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1960s Counterculture

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Rebecca Lada

on 4 February 2014

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Transcript of 1960s Counterculture

1960s Counterculture
The counterculture movement of the 1960s changed the overall American mentality. It was a culture which strongly encouraged individual self-expression. Altering society to live in a way that possessed new, more alternative lifestyles.
A reaction to the conformity of the 1950's
Consisted of mostly white, middle class college youths disillusioned by the war in Vietnam and the injustices of society
Aimed to find another “society” based on love, harmony, and peace.
The Counterculture Movement
Hippies were marked by rock and roll music, style of clothing (example: ragged jeans, military garments, "love" beads, and various Native American ornaments, longer/shaggier hair, etc.), sexuality, and use of illegal drugs -particularly marijuana and hallucinogenic drugs such as LSD (acid).
Timothy Leary (early LSD experimenter) strongly promoted it, namely for its "mind-expanding" experience.
Many hippies also rejected the conventional home life and joined communes where members renounced private property to live communally.
The concept "do your own thing" left its mark on society
Gave the once traditional American society a new, more open minded way of thinking.
Encouraged the notion to stand up to injustices and fight for personal beliefs.
Overall, many Americans developed more liberal viewpoints.
Music as a whole has had a lasting impact on society whether personal or political.
The Counterculture's Legacy
Works Cited
"Turn on, tune in, drop out"
Timothy Leary
"Turn on" - the idea for one to become sensitive to various levels of consciousness and the specific triggers that engage them...
"Tune in" - idea for one to interact harmoniously with surrounding world (externalize, materialize, express new internal perspectives).
"Drop Out" - the self-reliance and discovery of ones singularity; commitment to mobility, choice, and change.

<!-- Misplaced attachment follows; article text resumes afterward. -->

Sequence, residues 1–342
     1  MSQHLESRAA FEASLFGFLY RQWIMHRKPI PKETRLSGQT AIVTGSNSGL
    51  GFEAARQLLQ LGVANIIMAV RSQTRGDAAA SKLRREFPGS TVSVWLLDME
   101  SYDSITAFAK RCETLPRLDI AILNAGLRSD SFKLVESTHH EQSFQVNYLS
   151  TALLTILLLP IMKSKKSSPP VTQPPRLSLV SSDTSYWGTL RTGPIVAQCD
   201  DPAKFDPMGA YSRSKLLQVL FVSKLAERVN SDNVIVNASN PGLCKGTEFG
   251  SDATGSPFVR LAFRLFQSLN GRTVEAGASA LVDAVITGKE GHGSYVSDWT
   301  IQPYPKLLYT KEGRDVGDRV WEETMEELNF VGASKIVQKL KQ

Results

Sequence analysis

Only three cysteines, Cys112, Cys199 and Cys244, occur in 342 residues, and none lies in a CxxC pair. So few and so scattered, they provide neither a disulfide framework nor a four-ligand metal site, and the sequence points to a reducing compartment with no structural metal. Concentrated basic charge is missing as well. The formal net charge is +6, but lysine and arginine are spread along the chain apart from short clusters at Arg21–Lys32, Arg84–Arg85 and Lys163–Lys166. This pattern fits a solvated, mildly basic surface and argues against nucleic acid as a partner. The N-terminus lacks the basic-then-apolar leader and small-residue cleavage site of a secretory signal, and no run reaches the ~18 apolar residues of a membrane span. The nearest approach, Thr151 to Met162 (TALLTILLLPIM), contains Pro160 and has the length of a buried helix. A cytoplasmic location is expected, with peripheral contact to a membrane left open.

Key concepts to explore in the Counterculture Movement
The "Woodstock Music & Art Fair" was a music festival that attracted around half a million concert goers in August of 1969.
The festival was presumably one of the biggest symbols of the counterculture movement
32 musical acts performed over a three days
Artists included: Janis Joplin, The Who, Joan Baez, Jefferson Airplane and The Grateful Dead, to name a few...
"Sex, Drugs, and Rock and Roll" best sums up the festival.
The festival represented the '60s movement of peace and love and some higher cultural causes.'
Overall, Woodstock was very peaceful and well organized.
By the mid-60s, Haight-Ashbury in San Francisco, CA became the hippie capital.
People from all over and of all ages, came to this neighborhood.
Community expanded at an incredible rate that it gained national attention and made it the centerfold to the hippie movement and culture (nationally and globally).
Hippies cont'd.
The hippie era is often referred as the "Age of Aquarius ."
This was a culture whose ideals felt that mainstream society was corrupt and flawed.
Peoples who formed to this cultured made an attempt to reform society by "dropping out" and rejecting the establishment.
the 1960s marked an important era for music...especially for Rock and Roll.
Rock and Roll music was an offshoot of African American rhythm and blues of the 50s
music was played loud and proud, appealing to many youths and teenagers of the decade.
One band who best signifies Rock and Roll's expansion into mainstream culture is...
Rock and Roll
The Conservative Response
By the end of the 1960s, many believed that the country had lost a sense of what was right and wrong. The nation was out of control.
Conservatives began to openly express their anger and distaste for the counterculture movement.
FBI Director, J. Edgar Hoover even issued a warning that this "revolutionary terrorism" was a threat to campuses and cities throughout the nation.
Any persons rebelling were viewed as a "threat" and were plunging American society into a state of
Conservatives believed that the counterculture abandoned any and all rational thought and replaced it with uninhibited senses of self-expression.
This anger propelled conservatives to change the political system and take issues into their own hands; in time taking the nation back to a more controlled lifestyle.
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